37 thoughts on “FAQ #32: Where should I direct my pumps flow – the tank’s rock work, or the surface of the water?

  1. @BulkReefSupplyCom I have digitate hydroids all over my aquarium. I have been unsuccessful at finding out how serious the dangers of these hitchhiker are. What is the best course of action for removing them ?

  2. I have my pumps facing away from the surface because it keeps my co2 intake from the surrounding atmosphere of my living room down to a minimum. Which helps increase my ph by a couple decimals.

  3. Always at surface of water column,the only place gas exchange can occur. If more flow is needed,additional circulation pumps can be added

  4. I've got two Sicce Voyager 2 units on a wavemaker running along the top of my 65 gallon tank. Looking into adding two lighter powerheads for the back, how much flow should I be looking for?

  5. BRS my house is on a septic tank. Can u plz make a vid on ways I can do water changes by not using drains
    ??? I have a drain outside my house for floods which isn't on the septic tank. Would it work if I just ran a gravel vac line about 150 plus feet to the drain? Thanks!

  6. Brs I have a question on how would you hang a ocean revive T247 light I can't hang it from the ceiling and would like to hang it from the tank somehow, do you guys have an item or something that would do that?

  7. hate BRS team you should check my review on you it is really good you might like it was said about you guys so peace out

  8. I guess I don't have the best flow in my tank, did not clean my rocks for a long time and that caused my nitrites to go high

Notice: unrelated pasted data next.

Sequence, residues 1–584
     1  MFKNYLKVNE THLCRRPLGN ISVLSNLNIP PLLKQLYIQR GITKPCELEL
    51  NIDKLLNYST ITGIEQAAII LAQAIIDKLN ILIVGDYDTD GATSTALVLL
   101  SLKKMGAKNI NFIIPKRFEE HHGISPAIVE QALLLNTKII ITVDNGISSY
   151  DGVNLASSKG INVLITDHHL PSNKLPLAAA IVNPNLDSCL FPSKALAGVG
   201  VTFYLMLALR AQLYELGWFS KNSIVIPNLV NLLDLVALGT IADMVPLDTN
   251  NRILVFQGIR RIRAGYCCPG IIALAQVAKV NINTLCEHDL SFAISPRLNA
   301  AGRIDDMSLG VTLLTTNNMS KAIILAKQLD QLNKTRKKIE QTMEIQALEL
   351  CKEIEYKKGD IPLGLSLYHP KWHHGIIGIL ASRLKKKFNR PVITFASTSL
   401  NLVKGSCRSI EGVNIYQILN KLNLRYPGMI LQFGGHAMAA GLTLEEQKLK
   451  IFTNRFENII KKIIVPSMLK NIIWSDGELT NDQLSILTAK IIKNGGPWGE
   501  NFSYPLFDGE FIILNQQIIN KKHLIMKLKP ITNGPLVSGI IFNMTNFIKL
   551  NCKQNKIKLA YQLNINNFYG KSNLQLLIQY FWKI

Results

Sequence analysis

9. Thanks for the info. I find it really difficult to direct my fans anywhere other than on the surface because of potential agitation of corals. At least I learned about the importance of flow all over the tank though.

  10. is a hydor koralia 425 too much in a 10g nano for a softy/lps tank? i bought one before i knew much about flow. will aiming it at the surface help reduce the flow around the rock work? i have a 125gph hob filter i can use for flow for a bit if the hydor is too much.

  11. @BRSTV… How to find out best/correct size and how many powerheads/wavemakers for different size tanks???
    please and thank you.

  12. My tank size is 24x15x24(inches)-37 Gallon.Is it safe to use 3000L/hr wavemaker keeping neon tetra, rasbora, rummy nose, glowlight, along with clown loaches??

  13. what do u do when u have a dead spot in the aquarium where poop or left food like to stay there.. i've seen some ppl got midle or the opposite of the pump which is water flow cant reach,in my case the dead spot is near the filter.. here some short vid i made and need some advice https://youtu.be/igYMMqDE9HY

  14. Would you recommend a power head for my 65 gallon salt tank or two instead of one. It’ll be just for my fish because I don’t have any live rocks, corals or reefs at this time. But if it will benefit my fish and tank, I want them. Thanks

  15. I have 48 gallon as of now i only have 1 powerhead facing top of the water. Should i get one and direct it to the middle part of my tank. Thanks

  16. Man, i must of drank one strong ass beer because this guy doesn't seem to be speaking english. right after he says "in other words"….he switched gears. lol

  17. I have two Nero 5’s in my 90 gal, and I’m having algae problems in my sand. Anyone have advice for positioning?